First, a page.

Older Driver Safety Awareness Week

The American Occupational Therapy Association (AOTA) is hosting Older Driver Safety Awareness Week from December 6-10, 2021. The goal is to promote understanding about the importance of mobility and transportation to help older adults stay active in the community.

As individuals age, changes in physical, mental, and sensory abilities can make it challenging to drive safely. AOTA notes that occupational therapy practitioners often work with older adults as well as their families and caregivers to offer individualized assessments and recommendations to help them stay active and safe in their communities.

Throughout Older Driver Safety Awareness Week, AOTA is highlighting five different topics associated with keeping older drivers safe.

Anticipating Changes That Can Affect Driving

Think about planning for future transportation needs similarly to planning for retirement. Changes in physical, emotional, and cognitive health occur at different times for different individuals. AOTA provides examples of ways for older drivers to stay comfortable and safe in the car, such as attaching a cloth loop to the seatbelt to minimize the need to turn to buckle up for those who find it painful to rotate their bodies.

Family Conversations

This annual awareness week is held in December because families often gather at the holidays. Having a conversation with loved ones is one of the first steps in addressing safety concerns for older drivers. Get talking points to use in a family conversation.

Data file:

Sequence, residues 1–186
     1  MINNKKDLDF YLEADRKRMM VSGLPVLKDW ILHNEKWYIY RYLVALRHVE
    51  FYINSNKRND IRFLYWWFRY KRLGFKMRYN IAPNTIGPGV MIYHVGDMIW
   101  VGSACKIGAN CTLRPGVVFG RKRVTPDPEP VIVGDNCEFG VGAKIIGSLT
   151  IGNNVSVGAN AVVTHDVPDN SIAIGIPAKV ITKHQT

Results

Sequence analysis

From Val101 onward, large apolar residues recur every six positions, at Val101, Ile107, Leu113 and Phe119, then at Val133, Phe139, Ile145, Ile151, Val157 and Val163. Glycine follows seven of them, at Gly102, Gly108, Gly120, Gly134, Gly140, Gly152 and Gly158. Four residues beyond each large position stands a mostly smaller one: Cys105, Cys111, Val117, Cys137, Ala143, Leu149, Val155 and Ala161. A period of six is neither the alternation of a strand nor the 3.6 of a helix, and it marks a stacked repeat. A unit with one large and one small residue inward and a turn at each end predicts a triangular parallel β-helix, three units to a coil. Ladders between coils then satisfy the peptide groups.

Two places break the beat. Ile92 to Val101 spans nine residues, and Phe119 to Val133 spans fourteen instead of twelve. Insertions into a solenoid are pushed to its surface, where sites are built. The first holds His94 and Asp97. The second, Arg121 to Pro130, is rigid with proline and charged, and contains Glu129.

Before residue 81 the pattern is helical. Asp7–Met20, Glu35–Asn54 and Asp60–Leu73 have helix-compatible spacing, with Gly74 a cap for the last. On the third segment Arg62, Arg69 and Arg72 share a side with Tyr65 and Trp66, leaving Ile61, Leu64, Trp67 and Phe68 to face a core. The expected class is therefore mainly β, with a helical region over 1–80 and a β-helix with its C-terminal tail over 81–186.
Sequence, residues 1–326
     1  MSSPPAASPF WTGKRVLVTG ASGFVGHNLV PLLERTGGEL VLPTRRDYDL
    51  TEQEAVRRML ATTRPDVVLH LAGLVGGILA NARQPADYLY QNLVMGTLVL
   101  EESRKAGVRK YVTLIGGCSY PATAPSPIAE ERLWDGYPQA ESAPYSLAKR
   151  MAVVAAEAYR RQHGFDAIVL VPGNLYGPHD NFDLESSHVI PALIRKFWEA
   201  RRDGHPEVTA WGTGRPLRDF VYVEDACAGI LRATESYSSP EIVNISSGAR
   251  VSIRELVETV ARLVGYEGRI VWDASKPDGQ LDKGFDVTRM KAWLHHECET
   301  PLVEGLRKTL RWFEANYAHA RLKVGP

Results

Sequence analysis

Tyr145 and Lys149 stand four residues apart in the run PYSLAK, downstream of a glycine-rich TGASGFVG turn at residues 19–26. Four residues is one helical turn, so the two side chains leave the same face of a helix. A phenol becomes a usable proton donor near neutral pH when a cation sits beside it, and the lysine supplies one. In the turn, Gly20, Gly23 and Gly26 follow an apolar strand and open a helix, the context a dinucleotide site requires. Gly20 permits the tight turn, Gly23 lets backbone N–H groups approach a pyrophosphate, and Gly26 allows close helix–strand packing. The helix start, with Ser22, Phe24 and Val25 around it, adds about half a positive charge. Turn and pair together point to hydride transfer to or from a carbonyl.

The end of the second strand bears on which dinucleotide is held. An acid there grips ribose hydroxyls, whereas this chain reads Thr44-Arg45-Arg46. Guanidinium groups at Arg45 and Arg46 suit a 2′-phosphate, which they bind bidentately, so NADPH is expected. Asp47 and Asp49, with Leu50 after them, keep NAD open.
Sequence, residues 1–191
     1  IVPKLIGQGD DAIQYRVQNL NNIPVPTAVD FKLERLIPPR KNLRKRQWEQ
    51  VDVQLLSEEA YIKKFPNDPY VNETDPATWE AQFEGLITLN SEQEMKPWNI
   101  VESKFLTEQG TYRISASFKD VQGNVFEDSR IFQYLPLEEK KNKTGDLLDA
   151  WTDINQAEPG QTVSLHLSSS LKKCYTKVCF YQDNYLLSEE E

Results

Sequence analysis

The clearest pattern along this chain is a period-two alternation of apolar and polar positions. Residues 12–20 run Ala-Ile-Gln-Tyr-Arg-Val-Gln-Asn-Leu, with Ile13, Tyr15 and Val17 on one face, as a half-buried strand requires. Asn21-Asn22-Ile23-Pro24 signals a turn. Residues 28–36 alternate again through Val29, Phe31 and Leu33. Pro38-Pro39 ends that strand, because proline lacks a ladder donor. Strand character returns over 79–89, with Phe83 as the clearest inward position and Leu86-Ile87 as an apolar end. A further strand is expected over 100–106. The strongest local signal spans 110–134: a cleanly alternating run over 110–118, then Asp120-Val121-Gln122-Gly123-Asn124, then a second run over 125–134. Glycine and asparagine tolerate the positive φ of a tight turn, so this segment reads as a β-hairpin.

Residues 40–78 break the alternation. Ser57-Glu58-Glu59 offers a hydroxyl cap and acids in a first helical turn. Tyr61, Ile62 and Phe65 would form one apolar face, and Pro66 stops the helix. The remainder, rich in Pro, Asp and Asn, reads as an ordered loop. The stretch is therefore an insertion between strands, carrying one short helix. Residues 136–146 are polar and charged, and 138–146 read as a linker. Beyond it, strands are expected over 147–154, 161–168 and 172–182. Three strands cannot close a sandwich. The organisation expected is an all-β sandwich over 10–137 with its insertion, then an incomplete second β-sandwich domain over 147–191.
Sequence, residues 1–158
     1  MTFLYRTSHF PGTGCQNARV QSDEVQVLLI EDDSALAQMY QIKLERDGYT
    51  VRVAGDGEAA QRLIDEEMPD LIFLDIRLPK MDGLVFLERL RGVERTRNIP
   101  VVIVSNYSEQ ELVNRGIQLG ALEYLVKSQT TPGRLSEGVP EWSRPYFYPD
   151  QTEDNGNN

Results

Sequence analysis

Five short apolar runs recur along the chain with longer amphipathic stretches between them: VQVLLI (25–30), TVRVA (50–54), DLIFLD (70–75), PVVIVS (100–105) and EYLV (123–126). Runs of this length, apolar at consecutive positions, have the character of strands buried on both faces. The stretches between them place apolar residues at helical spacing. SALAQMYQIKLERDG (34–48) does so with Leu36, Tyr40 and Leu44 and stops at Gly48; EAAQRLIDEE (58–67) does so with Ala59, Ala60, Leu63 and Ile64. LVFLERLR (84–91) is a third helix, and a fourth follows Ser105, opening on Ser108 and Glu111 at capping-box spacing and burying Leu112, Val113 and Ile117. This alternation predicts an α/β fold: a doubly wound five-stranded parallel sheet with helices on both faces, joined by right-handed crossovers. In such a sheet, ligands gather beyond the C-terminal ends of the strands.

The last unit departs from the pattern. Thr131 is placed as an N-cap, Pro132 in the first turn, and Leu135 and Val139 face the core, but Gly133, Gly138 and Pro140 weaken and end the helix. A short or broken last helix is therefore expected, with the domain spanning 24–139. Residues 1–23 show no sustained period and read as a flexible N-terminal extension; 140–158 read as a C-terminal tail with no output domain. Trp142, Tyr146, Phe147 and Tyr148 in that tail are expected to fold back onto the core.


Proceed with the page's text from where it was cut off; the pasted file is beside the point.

Screenings and Evaluations with an Occupational Therapist

Driving evaluations can help older drivers understand if their driving abilities have changed. For example, some older drivers find it difficult to drive at night but have no issues driving in daylight. Whether it’s a self-assessment or a professional evaluation, this process can help older adults and their families understand their ability to drive safely.

Interventions That Can Empower Drivers and Families

After a driving evaluation, adjustments, adaptive equipment, or vehicle modification may be recommended to make driving safer and more comfortable.

Staying Engaged in the Community With or Without a Car

If an older driver discovers a need to make changes to drive safely or finds that they are no longer able to do so, it’s important to know about resources to help them stay independent and mobile in the community. Losing the ability to drive doesn’t have to mean a loss of independence!

If you or a loved one has been injured, contact the Schuerman Law office today. Schuerman Law has been working with personal injury claims for over 40 years. John Schuerman will compassionately advocate for injured individuals as well as their families while fighting for full compensation of their claims. Schuerman Law offers evening and weekend appointments in addition to home and hospital visits. Schedule a free consultation today by calling 1-800-274-0045.